Play your cards right.
When Microsoft announced that it was to close Lionhead Studios in 2016, creators of the venerable Fable series, many in the gaming community were shocked. The long awaited MMO Fable Legends was cancelled and those who had dreams of roaming Albion once again had them dashed. It’s odd to think then, that the likely final game to be cut from Albion’s cloth, is a card game built very much in the mould of Hearthstone. However, pulling on the heartstrings of burned gamers does not a hit make and so we take a look at Fable Fortune from Flaming Fowl Studios, which has recently entered paid Early Access on XBox and PC.
The basic mechanics for Fable Fortune are like any other entry into the collectable card game genre (CCG). You pick a hero who comes with a pre-made deck (you can, of course, create your own) and enter the PvP arena to be pitted against a fellow human. You then take turns to play cards from your deck, all in an effort to pummel your opponent’s hero into submission. After each turn your stash of gold, replacing Hearthstone’s mana, increases by one, up to the cap of ten. To seasoned players of the CCG genre the cards themselves will also be somewhat familiar. There are some purely to buff cards on the deck, others used for attack/defense purposes, some with entrance and death effects and others that you buff whilst they’re still in your hand before playing them. There’s also a healthy mix of magic and all heroes have offensive and defensive abilities. With the basics hardly setting it apart from its peers then, there must be something that will entice players from established CCG games. Thanks, in part, to its ties with Fable, there are a couple of notable game mechanics that really do help its cause.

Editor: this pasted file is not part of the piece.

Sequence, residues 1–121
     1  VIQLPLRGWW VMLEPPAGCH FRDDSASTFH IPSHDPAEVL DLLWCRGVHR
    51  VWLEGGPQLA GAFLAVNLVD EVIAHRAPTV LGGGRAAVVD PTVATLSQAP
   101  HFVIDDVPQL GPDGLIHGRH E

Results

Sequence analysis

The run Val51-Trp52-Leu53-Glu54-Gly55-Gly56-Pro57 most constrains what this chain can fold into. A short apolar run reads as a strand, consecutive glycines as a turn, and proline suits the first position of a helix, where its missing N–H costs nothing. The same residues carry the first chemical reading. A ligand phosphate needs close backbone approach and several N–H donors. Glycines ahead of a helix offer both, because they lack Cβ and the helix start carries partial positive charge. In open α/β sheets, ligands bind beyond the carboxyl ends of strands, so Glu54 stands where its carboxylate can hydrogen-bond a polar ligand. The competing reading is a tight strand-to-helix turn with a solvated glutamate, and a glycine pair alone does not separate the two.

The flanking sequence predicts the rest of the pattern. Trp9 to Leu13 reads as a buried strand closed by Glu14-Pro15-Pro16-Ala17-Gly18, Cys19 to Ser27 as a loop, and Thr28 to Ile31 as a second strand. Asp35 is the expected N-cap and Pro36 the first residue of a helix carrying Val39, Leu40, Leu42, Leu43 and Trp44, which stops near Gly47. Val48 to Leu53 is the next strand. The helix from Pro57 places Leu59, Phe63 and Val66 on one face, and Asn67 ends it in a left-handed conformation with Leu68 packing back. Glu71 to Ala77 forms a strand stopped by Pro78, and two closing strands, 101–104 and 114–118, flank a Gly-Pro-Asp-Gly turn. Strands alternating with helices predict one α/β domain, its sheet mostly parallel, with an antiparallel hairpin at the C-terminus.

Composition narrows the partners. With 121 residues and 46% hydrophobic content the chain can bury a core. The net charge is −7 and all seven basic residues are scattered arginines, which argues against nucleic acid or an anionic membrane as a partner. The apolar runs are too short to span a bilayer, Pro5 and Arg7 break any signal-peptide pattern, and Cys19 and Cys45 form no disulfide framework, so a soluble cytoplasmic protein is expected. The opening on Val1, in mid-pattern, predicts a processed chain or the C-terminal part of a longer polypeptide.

As a frequent player of Hearthstone, I’ve always lamented the slow start to most of my games. While there’s still some tactical manouvering going on there’s very little in the way of excitement. With a starting gold of three, you’re instantly into the action in pretty much every game of Fable Fortune. It’s a small change but it makes a big difference and allows for quicker access to more higher powered cards in your deck. It’s a little daunting at first as it feels like you’re being thrown in at the deep end. However, once you’ve constructed your own deck with this mechanic in mind, it becomes rather liberating. Strategies play out sooner and there’s a greater emphasis on one’s ability to change tact on the fly given that your opponent can lay waste to all your plans in the first round. That said, we found that games didn’t quite have the flow you often find in other CCGs. This could be due to a lack of knowledge on the player’s part but it did detract a touch when we were left wondering if our opponent was still alive.